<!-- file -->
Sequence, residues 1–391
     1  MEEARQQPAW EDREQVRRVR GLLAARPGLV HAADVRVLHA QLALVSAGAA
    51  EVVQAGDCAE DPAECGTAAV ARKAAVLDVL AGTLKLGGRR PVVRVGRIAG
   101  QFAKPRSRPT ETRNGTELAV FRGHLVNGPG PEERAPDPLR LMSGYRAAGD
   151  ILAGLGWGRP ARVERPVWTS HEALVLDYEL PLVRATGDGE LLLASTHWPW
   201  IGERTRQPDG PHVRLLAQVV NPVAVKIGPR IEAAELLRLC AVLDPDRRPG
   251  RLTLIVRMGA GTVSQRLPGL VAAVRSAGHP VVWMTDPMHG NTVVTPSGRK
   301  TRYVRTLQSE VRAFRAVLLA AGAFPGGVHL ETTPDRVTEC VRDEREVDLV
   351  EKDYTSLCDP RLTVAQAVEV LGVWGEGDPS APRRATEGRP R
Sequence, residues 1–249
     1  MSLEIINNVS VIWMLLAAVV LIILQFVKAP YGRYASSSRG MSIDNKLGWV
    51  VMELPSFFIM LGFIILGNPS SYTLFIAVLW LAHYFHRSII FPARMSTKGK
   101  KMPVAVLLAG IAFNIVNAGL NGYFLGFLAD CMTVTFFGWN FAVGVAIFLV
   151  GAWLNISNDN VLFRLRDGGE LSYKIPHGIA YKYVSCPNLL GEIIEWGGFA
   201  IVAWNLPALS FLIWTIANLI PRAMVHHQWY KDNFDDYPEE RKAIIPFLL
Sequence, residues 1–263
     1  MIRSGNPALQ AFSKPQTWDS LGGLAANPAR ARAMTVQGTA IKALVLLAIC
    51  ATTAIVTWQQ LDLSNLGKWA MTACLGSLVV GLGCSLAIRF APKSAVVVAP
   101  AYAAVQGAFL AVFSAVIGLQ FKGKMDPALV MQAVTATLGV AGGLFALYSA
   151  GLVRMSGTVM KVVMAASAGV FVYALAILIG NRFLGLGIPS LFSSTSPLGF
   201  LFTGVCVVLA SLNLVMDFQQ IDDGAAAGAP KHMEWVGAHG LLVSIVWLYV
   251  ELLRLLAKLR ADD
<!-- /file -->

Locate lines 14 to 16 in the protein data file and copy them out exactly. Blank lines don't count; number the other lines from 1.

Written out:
   151  GAWLNISNDN VLFRLRDGGE LSYKIPHGIA YKYVSCPNLL GEIIEWGGFA
   201  IVAWNLPALS FLIWTIANLI PRAMVHHQWY KDNFDDYPEE RKAIIPFLL
Sequence, residues 1–263